We visit with local gospel musicians to find out what it takes to make a living in KC’s gospel music industry.

A update on a proposed retail and residential development in Overland Park that would rival the size of the Plaza.

Guest:

Rick Hellman, freelance journalist

Courtesy of Joshua Hoffine

Joshua Hoffine is a local photographer. He doesn't take your typical wedding or graduation portraits, though — his specialty is "horror photography," and he features his daughters in his photo shoots.

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  We explore the issues related to infertility: Why is there a stigma attached to it, and how some women — and men — are creating communities where they're safe to open up.

Guests:

 

Michael Bentley / Flickr

A quiet debate is raging over liquor licensing laws in the Crossroads District. Does it matter, to the character of a neighborhood, what time bars and restaurants issue that famous last call? If you don't have to go home but you can't stay here, what are your options, and who's making those choices?

Guests:

Paul Andrews / paulandrewsphotography.com

In 1975, Paul Stephen Lim, a KU student, was struggling to write a short story.

One night, at a party, he was chatting with a theater professor about his writing problem.

“Maybe it doesn’t want to be a short story,” the professor suggested. “Maybe it wants to be a play.”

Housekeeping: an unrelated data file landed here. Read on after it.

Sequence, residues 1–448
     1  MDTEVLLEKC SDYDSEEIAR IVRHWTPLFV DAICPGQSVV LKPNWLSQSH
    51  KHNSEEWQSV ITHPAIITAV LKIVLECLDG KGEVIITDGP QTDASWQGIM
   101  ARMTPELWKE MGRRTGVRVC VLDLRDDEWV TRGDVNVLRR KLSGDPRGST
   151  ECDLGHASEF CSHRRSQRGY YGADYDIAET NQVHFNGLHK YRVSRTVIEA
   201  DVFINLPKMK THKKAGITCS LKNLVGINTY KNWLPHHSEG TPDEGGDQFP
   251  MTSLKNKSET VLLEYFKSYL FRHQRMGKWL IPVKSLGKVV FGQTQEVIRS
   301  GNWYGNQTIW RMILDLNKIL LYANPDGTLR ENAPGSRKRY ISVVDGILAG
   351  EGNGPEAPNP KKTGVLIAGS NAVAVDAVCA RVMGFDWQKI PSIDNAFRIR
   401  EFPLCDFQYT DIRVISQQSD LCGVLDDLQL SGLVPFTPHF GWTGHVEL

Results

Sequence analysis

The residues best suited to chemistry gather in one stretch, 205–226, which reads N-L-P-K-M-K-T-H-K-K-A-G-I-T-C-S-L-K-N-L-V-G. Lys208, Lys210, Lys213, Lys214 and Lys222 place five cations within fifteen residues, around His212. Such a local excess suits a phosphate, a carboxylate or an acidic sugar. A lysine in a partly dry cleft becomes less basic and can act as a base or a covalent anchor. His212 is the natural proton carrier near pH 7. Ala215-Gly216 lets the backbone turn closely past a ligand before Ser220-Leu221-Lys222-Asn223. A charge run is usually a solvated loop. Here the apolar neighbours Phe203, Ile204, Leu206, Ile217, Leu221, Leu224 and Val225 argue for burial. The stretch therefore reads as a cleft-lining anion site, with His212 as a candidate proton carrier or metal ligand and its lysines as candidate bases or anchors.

And, with that advice, Lim forged a new path.

A Scripted Life

Jun 3, 2016

The first play he ever wrote, as a KU student, won a national college playwriting award from the Kennedy Center. Meet Paul Stephen Lim, a retired KU professor and acclaimed playwright.

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When a child fell into the gorilla habitat of the Cincinnati Zoo last week, the event ended in the death of the gorilla. What are the ethics at the intersection of human and animal life?

Plus, the story of a KC resident who, as a toddler, escaped from his mom and entered the seal exhibit at the St. Louis Zoo.

Guests:

Members of KC's transgender community are finding their voice ... literally, their singing voice. We explore how transitioning isn't all about looks — it's also about sound.'

The Heartland Trans Chorus will perform for the first time this Sunday, June 5 at Kansas City Pride Fest.

Guests:

Courtesy of The Grisly Hand

Story of a Song is a monthly segment on KCUR's Central Standard, in which Kansas City area musicians tell the story behind a recent song, and explain how it was constructed musically.

The Composer: Jimmy Fitzner, singer and guitarist

The Band: The Grisly Hand

The Song: “The Picture I Keep,” to be released on the forthcoming album Hearts and Stars